It’s Monday again so it means it is time for another Audiobook Spotlight – the post where I talk about an audiobook that I’ve listened to and review it. I love audiobooks and enjoy listening to them on my commute and when I’m doing chores around the house. Although I’m not a big fan of babies and small children, I am fascinated by pregnancy and childbirth. I adore programmes like One Born Every Minute and Call The Midwife. If I wasn’t a little bit squeamish, or more inclined towards sciences, I think midwifery would have been a profession I would enjoy. So, when I saw this memoir on BorrowBox, I thought it played right in to my interests!
The Secret Midwife: Life, Death and the Secret About Birth by Katy Weitz (ghost writer)
Publication Date: 6th February 2020
Publisher: John Blake
Narrator: Gloria Sanders
CW: mental health, depression, medical procedures, infant death
The identity of The Secret Midwife is, indeed, a secret. We only know the name of the ghost writer and the alias, Pippa, that she is given throughout the book.
In recent years since Adam Kay’s This Is Going To Hurt (which I highly recommend by the way), there seems to have been an explosion of memoirs about life on the NHS frontline. I sometimes fear that these will just be jumping on the bandwagon and won’t actually be that great; this book was not a disappointment at all and I loved it!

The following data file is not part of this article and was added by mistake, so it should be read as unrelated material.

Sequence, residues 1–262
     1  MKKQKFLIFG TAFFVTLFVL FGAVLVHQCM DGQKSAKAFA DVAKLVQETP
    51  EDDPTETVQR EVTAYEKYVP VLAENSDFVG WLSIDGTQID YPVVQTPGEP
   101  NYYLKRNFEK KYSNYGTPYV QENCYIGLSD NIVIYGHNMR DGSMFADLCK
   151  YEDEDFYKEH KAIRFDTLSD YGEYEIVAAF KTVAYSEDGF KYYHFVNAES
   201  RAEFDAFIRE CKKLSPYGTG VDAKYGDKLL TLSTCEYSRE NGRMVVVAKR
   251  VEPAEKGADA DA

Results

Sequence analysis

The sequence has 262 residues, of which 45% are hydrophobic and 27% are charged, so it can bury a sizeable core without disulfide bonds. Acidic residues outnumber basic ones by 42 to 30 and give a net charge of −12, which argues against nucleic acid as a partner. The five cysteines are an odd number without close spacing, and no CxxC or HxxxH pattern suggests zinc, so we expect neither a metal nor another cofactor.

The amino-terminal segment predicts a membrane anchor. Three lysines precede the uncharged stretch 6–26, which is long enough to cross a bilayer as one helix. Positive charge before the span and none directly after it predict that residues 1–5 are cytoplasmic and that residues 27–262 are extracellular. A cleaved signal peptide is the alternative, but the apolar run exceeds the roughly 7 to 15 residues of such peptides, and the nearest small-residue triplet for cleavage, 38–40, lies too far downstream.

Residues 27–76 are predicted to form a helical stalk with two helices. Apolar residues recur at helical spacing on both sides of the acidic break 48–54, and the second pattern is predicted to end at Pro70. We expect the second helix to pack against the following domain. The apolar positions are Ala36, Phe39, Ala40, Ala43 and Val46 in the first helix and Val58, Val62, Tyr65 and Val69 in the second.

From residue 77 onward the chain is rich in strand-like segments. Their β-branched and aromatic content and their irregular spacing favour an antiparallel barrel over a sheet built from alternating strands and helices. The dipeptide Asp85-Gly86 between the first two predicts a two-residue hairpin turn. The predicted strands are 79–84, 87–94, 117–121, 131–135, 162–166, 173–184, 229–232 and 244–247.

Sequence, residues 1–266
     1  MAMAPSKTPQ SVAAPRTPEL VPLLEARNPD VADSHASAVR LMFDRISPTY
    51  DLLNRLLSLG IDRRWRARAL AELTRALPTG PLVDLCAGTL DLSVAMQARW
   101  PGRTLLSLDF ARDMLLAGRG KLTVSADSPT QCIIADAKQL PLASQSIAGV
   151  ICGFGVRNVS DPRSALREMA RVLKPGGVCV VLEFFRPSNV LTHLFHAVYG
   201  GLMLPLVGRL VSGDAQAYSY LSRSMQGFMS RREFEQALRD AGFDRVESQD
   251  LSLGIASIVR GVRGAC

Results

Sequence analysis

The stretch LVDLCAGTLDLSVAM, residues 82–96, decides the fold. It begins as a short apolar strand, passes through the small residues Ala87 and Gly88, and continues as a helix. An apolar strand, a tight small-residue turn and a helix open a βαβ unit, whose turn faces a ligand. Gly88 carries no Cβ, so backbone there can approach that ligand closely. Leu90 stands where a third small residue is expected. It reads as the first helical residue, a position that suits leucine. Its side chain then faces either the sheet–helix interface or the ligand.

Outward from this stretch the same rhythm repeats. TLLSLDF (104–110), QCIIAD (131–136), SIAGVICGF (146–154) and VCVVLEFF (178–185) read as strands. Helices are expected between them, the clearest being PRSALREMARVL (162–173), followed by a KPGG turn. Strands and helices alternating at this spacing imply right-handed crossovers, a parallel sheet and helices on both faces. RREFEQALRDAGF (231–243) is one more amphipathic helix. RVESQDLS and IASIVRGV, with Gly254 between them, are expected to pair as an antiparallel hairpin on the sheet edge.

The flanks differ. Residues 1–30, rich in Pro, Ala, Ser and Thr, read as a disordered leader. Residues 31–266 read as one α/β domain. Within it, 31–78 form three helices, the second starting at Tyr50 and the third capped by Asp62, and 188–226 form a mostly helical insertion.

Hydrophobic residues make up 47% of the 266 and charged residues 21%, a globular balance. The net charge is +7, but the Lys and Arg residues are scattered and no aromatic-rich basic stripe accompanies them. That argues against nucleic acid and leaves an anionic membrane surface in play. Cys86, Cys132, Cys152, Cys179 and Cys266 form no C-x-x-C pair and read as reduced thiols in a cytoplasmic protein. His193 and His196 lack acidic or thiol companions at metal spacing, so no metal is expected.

The first part of the book tells of The Secret Midwife beginning her training and qualifying as a midwife. There are plenty of interesting anecdotes. One I particularly enjoyed was her horror when she ended up delivering a surprise baby in a lift! These stories were heart warming, emotional and often humorous. Stories where people get inadvertently covered in bodily fluids at just the wrong time is almost always going to provoke a snigger and a cringe! Each anecdote really brought to the fore the important role midwives have in our health service, from antenatal care, bringing new life into the world, caring for new parents and also the compassion needed for those babies who are born sleeping.
The latter half of the book, however, changed its tune. The Secret Midwife begins to talk of the stress they face in an underfunded health service run by bureaucrats who do not seem to understand the need for compassionate care, and who are more interested in balancing the books. Like many other health care professionals, The Secret Midwife battles with burnout and depression. Just like Adam Kay’s memoir, the impact of an overstretched NHS is brought to the fore: I cannot believe that after reading these stories that anyone would be able to take our health service for granted.
This memoir was full of light and shade and very enjoyable to listen to!
Have you read any other good memoirs about the NHS? Let me know in the comments!
2 thoughts on “Audiobook Spotlight #8”
This sounds interesting, althought I don’t tend to listen to audiobooks!
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I think audiobooks are a bit marmite for a lot of people (I love them and marmite to boot!). It was a really good memoir though 🙂